Salt Lake City Mayor Ralph Becker commended the governor for the recommendations and said he hopes the Legislature will support him. He said he would like to see the state repeal a law preventing local governments from having environmental laws that are stricter than federal standards and said that more needs to be done to give local leaders tools to address their particular problems.
“Just giving us at the local level the ability to improve transit service is something that can have an enormous impact and relatively quick impact” on air quality, Becker said. “He talked about having Utah solutions for Utah issues. … We do need Utah solutions and sometimes we need local solutions for local challenges.”
Those local solutions are hampered, the mayor said, when the law ties the hands of local governments.
In his budget proposal in December, Herbert requested $18 million in new spending next year focused on improving air quality — much of it in the form of grants to replace old school buses, for business renovations and for air-quality research.
A bipartisan legislative caucus has released a growing list of bills it says would encourage cleaner-burning engines, more public transit and other measures to reduce emissions.
Matt Pacenza, spokesman for the group HEAL Utah, said the governor’s proposals move in the right direction, but “can’t be the final steps in how the governor approaches our dirty air problem.
“We also need to crack down on industrial air pollution and boost funding for mass transit, making it easier for Utahns to choose to not drive,” he said. “Smokestacks, not just tailpipes, should be required to put in place the best available safeguards. All sectors have to pitch in.”
Marriage, Obamacare • Herbert couched the state’s current fight over same-sex marriage in terms of federalism and state sovereignty, arguing Utah and other states should be allowed to define marriage as they see fit. But he also emphasized the need for civility as the federal appeals court considers a ruling that struck down Utah’s constitutional ban on same-sex unions.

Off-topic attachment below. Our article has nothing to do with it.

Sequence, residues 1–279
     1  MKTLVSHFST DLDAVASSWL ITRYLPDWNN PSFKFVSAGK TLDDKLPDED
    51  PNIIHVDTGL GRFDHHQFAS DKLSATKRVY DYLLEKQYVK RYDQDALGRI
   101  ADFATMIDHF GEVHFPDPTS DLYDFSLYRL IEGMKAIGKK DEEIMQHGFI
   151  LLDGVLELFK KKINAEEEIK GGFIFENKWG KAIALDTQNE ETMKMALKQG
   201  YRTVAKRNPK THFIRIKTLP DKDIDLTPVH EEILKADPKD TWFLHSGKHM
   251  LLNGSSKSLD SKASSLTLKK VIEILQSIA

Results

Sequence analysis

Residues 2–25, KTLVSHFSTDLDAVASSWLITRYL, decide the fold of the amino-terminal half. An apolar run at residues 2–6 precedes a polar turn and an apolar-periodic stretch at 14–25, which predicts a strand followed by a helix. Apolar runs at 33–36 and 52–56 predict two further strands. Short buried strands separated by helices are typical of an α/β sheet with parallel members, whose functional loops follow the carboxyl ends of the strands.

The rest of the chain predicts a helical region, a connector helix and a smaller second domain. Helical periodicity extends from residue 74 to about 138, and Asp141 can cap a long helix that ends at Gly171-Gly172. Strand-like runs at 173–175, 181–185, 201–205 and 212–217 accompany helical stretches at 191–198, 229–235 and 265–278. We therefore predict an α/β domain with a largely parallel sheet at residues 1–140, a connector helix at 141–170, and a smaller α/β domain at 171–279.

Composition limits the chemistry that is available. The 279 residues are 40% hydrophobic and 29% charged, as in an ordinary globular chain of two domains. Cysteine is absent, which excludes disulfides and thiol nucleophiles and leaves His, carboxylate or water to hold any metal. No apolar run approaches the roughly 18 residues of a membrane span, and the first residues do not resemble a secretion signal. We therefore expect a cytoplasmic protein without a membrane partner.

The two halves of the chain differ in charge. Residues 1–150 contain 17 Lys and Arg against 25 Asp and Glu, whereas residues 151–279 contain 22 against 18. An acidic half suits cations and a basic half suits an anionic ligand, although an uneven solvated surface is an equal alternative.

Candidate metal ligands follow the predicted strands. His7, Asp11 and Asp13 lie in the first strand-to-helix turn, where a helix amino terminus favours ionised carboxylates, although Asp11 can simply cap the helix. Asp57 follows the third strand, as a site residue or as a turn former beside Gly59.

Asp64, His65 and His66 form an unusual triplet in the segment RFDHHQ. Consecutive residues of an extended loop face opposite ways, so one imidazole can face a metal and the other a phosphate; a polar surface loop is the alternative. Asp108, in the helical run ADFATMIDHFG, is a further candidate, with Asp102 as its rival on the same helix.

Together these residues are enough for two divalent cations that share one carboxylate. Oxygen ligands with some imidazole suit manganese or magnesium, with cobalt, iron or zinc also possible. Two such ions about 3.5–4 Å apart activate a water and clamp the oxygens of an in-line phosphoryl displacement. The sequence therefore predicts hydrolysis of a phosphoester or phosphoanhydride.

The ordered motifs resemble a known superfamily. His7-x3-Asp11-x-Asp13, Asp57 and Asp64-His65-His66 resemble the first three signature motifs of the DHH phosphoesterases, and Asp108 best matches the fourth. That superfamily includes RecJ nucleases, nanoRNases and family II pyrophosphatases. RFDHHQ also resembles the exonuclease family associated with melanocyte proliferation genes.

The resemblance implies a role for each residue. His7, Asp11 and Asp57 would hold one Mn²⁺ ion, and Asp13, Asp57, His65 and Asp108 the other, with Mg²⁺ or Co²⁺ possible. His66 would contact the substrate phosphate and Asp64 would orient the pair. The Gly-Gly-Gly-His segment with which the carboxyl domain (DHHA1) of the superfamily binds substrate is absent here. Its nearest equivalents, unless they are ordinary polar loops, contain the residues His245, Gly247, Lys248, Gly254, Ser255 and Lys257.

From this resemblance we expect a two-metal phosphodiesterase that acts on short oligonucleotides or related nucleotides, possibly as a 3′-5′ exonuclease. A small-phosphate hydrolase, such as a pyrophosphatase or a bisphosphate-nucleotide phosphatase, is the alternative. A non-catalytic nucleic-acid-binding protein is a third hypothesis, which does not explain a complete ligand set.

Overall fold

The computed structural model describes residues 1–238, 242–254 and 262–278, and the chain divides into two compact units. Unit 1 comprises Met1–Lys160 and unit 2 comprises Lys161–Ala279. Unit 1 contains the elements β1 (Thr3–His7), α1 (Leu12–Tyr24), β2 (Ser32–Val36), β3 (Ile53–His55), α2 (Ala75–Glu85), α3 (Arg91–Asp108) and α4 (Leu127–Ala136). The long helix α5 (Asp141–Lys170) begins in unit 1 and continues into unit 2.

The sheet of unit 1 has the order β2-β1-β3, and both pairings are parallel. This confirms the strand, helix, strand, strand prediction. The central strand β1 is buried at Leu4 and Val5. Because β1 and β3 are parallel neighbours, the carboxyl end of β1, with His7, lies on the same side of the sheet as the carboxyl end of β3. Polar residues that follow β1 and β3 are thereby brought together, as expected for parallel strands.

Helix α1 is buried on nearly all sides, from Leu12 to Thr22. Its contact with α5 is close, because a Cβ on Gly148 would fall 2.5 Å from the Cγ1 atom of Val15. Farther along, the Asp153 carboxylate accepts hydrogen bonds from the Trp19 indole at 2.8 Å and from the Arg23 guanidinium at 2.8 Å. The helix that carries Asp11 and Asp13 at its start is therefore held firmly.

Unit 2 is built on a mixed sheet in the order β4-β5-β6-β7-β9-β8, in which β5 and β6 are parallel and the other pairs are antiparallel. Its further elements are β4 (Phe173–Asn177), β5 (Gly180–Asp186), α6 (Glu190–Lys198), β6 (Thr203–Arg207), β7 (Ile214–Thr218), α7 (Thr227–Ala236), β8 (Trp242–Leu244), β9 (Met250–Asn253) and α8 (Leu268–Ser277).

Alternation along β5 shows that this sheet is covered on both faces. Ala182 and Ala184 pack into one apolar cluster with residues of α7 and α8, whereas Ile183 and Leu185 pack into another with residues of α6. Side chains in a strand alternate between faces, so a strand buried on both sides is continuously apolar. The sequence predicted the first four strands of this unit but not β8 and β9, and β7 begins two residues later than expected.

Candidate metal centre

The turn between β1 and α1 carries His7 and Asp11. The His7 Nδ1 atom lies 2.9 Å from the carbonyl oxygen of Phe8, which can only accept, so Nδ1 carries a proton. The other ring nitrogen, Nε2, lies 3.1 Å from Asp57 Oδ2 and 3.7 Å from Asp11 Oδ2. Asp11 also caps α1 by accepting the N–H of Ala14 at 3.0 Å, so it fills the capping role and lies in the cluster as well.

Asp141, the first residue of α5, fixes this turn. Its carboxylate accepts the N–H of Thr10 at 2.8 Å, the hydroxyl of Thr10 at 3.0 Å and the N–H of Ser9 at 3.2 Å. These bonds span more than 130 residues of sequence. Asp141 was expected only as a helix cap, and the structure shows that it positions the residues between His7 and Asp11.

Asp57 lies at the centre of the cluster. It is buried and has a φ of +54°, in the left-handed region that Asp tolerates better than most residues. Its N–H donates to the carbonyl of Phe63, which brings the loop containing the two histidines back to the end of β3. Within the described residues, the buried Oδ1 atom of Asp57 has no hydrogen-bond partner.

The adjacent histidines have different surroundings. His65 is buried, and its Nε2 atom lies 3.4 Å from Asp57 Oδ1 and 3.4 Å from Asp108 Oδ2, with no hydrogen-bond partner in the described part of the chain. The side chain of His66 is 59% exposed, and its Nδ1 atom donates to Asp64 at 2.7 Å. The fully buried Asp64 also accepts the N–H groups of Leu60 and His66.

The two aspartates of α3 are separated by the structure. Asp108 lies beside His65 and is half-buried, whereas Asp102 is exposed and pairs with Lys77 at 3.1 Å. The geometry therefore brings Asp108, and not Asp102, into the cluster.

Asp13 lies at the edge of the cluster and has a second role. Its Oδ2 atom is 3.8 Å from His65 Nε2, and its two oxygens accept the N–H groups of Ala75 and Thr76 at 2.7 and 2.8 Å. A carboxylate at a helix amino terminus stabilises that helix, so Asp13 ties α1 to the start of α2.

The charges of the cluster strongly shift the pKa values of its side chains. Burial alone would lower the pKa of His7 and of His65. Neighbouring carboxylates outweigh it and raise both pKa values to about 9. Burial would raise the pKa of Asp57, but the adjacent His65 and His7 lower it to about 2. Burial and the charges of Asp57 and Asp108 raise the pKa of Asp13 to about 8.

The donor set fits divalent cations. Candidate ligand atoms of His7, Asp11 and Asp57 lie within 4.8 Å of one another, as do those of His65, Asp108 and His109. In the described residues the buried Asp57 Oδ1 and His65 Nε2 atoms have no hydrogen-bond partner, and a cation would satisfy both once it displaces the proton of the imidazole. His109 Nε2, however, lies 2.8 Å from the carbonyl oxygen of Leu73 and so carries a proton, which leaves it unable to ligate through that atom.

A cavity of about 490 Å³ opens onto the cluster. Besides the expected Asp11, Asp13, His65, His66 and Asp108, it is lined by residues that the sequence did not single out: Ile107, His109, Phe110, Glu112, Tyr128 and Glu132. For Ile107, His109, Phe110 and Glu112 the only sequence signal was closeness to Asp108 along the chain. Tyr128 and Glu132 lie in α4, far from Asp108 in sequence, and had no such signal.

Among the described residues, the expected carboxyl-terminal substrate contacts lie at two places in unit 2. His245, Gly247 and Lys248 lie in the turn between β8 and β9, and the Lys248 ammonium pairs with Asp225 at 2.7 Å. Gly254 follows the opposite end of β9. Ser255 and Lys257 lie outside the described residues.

“We will do everything in our power to represent the will of the people while respecting the democratic and judicial processes,” he said. “Let me be clear that while I support traditional marriage and will continue to defend Amendment 3, there is no place— and I repeat, no place — in our society for hatred and bigotry.”
And the governor criticized what he said was a flaw in the Affordable Care Act — known popularly as Obamacare — that would leave 60,000 Utahns living in poverty with less health coverage than those who make more money.
“This is not fair and it is not right,” Herbert said. “Assisting the poor in our state is a moral obligation that must be addressed.”
Herbert said he looked forward to working with lawmakers to find a Utah solution to fix the “hole in the safety net.”
Lockhart, who fired barbs at the governor in her remarks at Monday’s opening of the session, called the expansion of Medicaid with federal dollars that will be reduced over time “a trap, an out-in-the-open bait and switch.”
“The next time the White House offers more unfunded mandates,” she said, “and the governor’s office tries to figure out how to pay for it, we as a House and we as a state should politely decline, drop a copy of the Constitution inside a statement ‘return to sender.’ ”
Much of the rest of Herbert’s speech hit familiar themes, touting the resiliency of Utah’s economy and urging more innovation with scarce education dollars.
Utah’s unemployment rate sits at 4.1 percent, down from 5.4 percent a year ago with some 22,500 new jobs created since the governor’s address last year.
He touted his proposal to add another $4.5 million to the Science, Technology, Engineering and Math program and another $61.6 million for teacher compensation, and voiced support for school grading.
Utah remains last in the nation in per-pupil spending and continues to have some of the largest class sizes in the country. Herbert proposed an increase of about $100 per pupil in his budget released in December. He also recommended allocating money to school districts in the hope they would use it to expand or create full-day kindergarten programs.